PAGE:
Log in

No account? Create an account

Previous Entry | Next Entry


 From today's New York Times.  And no, it's nothing to do with politics.

Got Arachnophobia? Here’s Your Worst Nightmare 

Tom Pennington/Fort Worth Star-Telegram, via Associated Press

A web crawling with millions of spiders is growing across several acres of a state park 50 miles east of Dallas, inspiring both wonder and revulsion.

Published: August 31, 2007

WILLS POINT, Tex., Aug. 29 — Most spiders are solitary creatures. So the discovery of a vast web crawling with millions of spiders that is spreading across several acres of a North Texas park is causing a stir among scientists, and park visitors.

Sheets of web have encased several mature oak trees and are thick enough in places to block out the sun along a nature trail at Lake Tawakoni State Park, near this town about 50 miles east of Dallas.

The gossamer strands, slowly overtaking a lakefront peninsula, emit a fetid odor, perhaps from the dead insects entwined in the silk. The web whines with the sound of countless mosquitoes and flies trapped in its folds.

Allen Dean, a spider expert at Texas A&M University, has seen a lot of webs, but even he described this one as “rather spooky, kind of like Halloween.”

Mr. Dean and several other scientists said they had never seen a web of this size outside of the tropics, where the relatively few species of “social” spiders that build communal webs are most active.

Norman Horner, emeritus professor of biology at Midwestern State University in Wichita Falls, Tex., was one of a number of spider experts to whom a Texas Parks and Wildlife Department biologist sent online photos of the web. “It is amazing, absolutely amazing,” said Dr. Horner, who at first thought it an e-mail hoax.

The web may be a combined effort of social cobweb spiders. But their large communal webs generally take years to build, experts say, and this web was formed in just a few months.

Or it could be a striking example of what is known as ballooning, in which lightweight spiders throw out silk filaments to ride the air currents. Five years ago, in just that way, a mass dispersal of millions of tiny spiders covered 60 acres of clover field in British Columbia with thick webbing.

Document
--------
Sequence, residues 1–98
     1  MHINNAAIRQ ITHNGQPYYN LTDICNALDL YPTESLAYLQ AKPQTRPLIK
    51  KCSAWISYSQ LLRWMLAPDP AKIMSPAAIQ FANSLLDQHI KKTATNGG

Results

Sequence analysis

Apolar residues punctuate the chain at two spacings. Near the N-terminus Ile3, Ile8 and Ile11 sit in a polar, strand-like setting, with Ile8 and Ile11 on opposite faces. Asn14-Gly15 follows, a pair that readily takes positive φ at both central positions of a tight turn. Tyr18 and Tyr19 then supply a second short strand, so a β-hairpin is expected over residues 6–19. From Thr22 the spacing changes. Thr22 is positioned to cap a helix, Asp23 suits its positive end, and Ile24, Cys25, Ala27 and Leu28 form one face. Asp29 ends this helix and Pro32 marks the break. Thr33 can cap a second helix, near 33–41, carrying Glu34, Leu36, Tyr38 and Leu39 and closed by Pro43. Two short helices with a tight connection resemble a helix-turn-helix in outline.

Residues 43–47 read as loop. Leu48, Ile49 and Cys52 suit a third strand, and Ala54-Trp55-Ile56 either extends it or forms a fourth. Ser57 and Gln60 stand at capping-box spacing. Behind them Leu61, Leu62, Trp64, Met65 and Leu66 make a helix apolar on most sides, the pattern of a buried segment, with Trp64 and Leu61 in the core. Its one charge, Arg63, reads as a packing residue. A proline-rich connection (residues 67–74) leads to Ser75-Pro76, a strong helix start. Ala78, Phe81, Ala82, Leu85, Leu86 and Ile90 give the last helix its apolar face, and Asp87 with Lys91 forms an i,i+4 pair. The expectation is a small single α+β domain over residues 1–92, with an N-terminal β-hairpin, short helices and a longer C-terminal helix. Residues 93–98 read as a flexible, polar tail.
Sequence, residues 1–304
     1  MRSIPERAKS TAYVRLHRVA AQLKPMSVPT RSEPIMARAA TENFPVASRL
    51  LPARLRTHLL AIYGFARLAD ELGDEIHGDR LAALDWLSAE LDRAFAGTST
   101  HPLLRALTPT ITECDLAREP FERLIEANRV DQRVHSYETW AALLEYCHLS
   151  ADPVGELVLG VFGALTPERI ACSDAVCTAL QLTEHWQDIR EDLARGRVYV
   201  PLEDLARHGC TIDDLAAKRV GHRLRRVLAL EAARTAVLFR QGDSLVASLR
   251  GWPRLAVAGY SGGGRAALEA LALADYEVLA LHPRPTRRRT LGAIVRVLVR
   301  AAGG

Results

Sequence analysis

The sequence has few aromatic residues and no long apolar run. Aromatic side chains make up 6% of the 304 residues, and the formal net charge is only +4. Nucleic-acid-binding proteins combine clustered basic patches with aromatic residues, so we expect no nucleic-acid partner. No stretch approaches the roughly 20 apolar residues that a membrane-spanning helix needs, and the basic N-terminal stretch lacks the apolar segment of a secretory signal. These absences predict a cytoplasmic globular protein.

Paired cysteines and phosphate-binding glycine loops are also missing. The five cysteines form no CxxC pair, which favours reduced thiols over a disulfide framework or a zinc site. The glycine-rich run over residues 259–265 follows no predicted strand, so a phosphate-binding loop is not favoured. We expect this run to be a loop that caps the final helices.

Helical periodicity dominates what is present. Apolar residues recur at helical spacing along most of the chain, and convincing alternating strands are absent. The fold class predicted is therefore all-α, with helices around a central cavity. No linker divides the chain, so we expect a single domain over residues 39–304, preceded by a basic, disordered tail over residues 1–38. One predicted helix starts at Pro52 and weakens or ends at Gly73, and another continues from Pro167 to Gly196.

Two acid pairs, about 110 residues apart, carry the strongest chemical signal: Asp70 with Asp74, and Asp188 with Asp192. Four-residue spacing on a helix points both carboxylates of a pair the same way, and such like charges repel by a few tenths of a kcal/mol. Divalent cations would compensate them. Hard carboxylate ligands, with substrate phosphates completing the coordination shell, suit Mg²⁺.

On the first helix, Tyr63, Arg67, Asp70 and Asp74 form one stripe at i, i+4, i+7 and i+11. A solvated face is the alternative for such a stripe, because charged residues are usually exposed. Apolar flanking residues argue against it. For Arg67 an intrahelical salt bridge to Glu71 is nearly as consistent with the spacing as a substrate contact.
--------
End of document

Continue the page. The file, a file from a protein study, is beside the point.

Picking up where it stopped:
Mike Quinn, the state biologist who distributed the online photos, and who runs a Web site about Texas invertebrates, plans to drive to the park from Central Texas on Friday in an effort to get some answers by collecting samples.

Record-breaking rains that flooded Texas earlier this summer inspired outbreaks of crickets and “webworms,” the caterpillar larvae of the white moth. Mr. Quinn said the rains might have something to do with the web, too.

“You’d have to get a lot of spiders together and feed them a whole lot of food to make a web that big,” he said.

Whatever caused the vast web, the sight of it has inspired both awe and revulsion.

“It’s beautiful,” said the park’s superintendent, Donna Garde.

Freddie Gowin disagrees. It was Mr. Gowin, a maintenance worker at the park, who discovered the web this month when, taking advantage of some of the first dry weather, he mowed the area around the nature trail.

“I don’t think there’s anything pretty about it,” he said, though “it’s certainly unusual.”

When Mr. Gowin drives the power mower through the area, webbing wraps across his bare face, causing him to slap at spiders, real or imagined, crawling on his skin.

The park’s staff says that while the web has killed some leaves, it should not hurt the trees.

The spiders are “spreading out for sure,” Mr. Gowin said, pointing out cedars that appeared to have a dusting of snow. “They’re going to take over this whole point.”

The staff expects the web to last until colder weather this fall, when the spiders begin dying off.

For now the concern is to defend this marvel from teenagers who might take a stick and knock it all down, or little boys wanting to push their little sisters into it.